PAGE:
spaci1701 replied to your post “GODDAMMIT SAM STOP GETTING HURT”

Maybe you’d be the right person to ask – aren’t we supposed to get a toaster or something after our 10th surgery? I’ve been waiting for mine for years now. I’m sure I could do a chandelier with my x-rays (and only 1 set of accidentally broken bones)

I feel like giving the frequently-injured a toaster is a dire mistake. I think we’re supposed to get a blanket, at this point. 😀

Or a giant roll of bubble wrap.  😀




When modern media wants a group of baddies to look badass, it’ll often borrow design elements from Nazi uniforms. It’s not hard to understand why; the Nazis famously had their uniforms designed by professional fashion designers, including runway mogul Hugo Boss, and it worked wonderfully in terms of giving Nazi troops a stylish and intimidating public image.

What’s less well known, however, is how ridiculously terrible those uniforms were for any purpose other than looking smart.

Let me give you an example: suspenders. Back in the 1930s, the modern tactical harness hadn’t yet been developed. Instead, soldiers would wear a sturdy pair of leather suspenders in order to help distribute the weight of their ammo belts (which could be substantial – bullets aren’t light!). Hitler didn’t care for that – he thought it would make his troops look like farmers. Instead, he commissioned his uniform designers to come up with a complicated system of internal suspenders that could be worn under the uniform jacket, with metal hooks projecting from special holes near the jacket’s waistline. The idea was that the ammo belt would rest on the hooks, thus allowing it to be supported without disrupting the jacket’s clean lines.

The problem? The system’s designers, being accustomed to crafting for the runway, had completely overlooked that soldiers sometimes need to move quickly. At any pace quicker than a brisk walk, the ammo belt would bounce off of the hooks and slide down the wearer’s torso, often tripping him in the process. Worse, news of the issue didn’t filter back to the high command until the uniforms had already been widely distributed, so it was impossible to fix in an economical fashion. The Nazi troops eventually resorted to wearing external suspenders over the internal suspenders in order to keep their ammo belts in place, thus entirely defeating the purpose.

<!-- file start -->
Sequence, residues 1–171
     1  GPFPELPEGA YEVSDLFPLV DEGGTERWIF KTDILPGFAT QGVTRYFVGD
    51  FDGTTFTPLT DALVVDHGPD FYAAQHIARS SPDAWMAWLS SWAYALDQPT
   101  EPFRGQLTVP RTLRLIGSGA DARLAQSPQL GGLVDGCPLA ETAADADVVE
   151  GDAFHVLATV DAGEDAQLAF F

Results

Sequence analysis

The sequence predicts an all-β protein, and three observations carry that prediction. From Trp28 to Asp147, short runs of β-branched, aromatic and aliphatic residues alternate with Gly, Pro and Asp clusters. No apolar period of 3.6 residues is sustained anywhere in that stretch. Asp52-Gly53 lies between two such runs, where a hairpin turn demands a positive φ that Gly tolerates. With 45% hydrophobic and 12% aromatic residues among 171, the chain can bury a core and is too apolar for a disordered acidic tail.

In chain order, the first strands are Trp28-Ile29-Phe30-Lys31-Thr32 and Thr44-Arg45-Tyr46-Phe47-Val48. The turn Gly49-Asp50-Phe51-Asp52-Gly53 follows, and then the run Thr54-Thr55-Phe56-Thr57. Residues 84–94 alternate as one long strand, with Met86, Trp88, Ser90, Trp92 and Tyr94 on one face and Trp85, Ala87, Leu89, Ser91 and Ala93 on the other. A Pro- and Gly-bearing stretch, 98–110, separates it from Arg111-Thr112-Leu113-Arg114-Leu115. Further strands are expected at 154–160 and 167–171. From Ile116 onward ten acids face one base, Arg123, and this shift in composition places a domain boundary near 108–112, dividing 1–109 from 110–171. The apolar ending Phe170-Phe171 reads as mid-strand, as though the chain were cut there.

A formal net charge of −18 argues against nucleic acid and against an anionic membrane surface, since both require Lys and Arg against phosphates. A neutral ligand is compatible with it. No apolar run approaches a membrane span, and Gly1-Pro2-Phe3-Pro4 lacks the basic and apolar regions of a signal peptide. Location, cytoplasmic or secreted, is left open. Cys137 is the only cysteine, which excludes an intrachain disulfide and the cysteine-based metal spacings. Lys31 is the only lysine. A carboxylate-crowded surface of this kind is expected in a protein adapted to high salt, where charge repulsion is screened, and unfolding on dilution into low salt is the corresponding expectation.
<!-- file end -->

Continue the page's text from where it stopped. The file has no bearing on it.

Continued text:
Then there are the cold-weather jackets, made infamous by the Nazis’ disastrous Winter Campaign against Russia in 1941-1942. At the time, the standard cold-weather jacket in use by most armies consisted of heavy quilted fabric stuffed with torn-up cotton. Hitler didn’t like that at all; in his opinion, it made it look like his troops were wearing blankets. So he had each soldier issued an individually tailored winter jacket made of suit-grade fabric and lined with fur (sourced from civilian clothing seized from death camp inmates, because of course it was).

You can probably guess where this is going. Predictably to anyone who’s not a Nazi fashion designer, the fine fabric of the jackets wasn’t tightly woven enough to stop the wind. The fur, meanwhile, harboured lice and fleas, stank abominably when wet, and was impossible to launder in the field. They’d managed to issue their troops dry clean only winter apparel, in a campaign that would send them far from their supply lines. That the weather ended up killing more Nazis than the Russian army should thus come as no surprise.

And these aren’t outliers. Virtually every element of the Nazi uniform made up for its smart styling by being ridiculously impractical. The officers often had it worst of all; their uniforms were expertly tailored to make their builds look trim and powerful, at the cost of being stuffy, uncomfortable, and difficult to move around it. Indeed, some officers’ uniforms were so smartly tailored that they couldn’t sit down without taking their pants off. Yeah, let that image roll around in your head for a moment or two.

The upshot is that whenever I see baddies in a movie or a TV show with clearly Nazi-inspired uniforms, my first thought is less “whoa, badass!” and more “these men are about to be murdered by their own trousers”.

There is some deeply undignified part of my soul that is taking deep and abiding comfort in this.